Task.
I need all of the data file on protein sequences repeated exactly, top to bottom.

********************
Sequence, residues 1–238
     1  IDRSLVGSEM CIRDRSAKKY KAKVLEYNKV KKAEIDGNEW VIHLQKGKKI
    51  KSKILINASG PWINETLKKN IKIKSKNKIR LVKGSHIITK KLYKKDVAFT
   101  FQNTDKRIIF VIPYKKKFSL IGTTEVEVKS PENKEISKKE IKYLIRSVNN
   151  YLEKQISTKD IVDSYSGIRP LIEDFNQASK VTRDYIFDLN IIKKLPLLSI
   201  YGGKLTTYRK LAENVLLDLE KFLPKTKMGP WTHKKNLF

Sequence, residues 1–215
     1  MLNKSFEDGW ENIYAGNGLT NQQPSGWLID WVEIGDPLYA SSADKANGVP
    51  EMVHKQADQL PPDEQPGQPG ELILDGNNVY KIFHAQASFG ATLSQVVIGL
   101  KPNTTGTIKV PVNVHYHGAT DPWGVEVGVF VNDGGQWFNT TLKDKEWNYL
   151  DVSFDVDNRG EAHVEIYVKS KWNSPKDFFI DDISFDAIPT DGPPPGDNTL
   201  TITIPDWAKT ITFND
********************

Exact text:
Sequence, residues 1–238
     1  IDRSLVGSEM CIRDRSAKKY KAKVLEYNKV KKAEIDGNEW VIHLQKGKKI
    51  KSKILINASG PWINETLKKN IKIKSKNKIR LVKGSHIITK KLYKKDVAFT
   101  FQNTDKRIIF VIPYKKKFSL IGTTEVEVKS PENKEISKKE IKYLIRSVNN
   151  YLEKQISTKD IVDSYSGIRP LIEDFNQASK VTRDYIFDLN IIKKLPLLSI
   201  YGGKLTTYRK LAENVLLDLE KFLPKTKMGP WTHKKNLF

Sequence, residues 1–215
     1  MLNKSFEDGW ENIYAGNGLT NQQPSGWLID WVEIGDPLYA SSADKANGVP
    51  EMVHKQADQL PPDEQPGQPG ELILDGNNVY KIFHAQASFG ATLSQVVIGL
   101  KPNTTGTIKV PVNVHYHGAT DPWGVEVGVF VNDGGQWFNT TLKDKEWNYL
   151  DVSFDVDNRG EAHVEIYVKS KWNSPKDFFI DDISFDAIPT DGPPPGDNTL
   201  TITIPDWAKT ITFND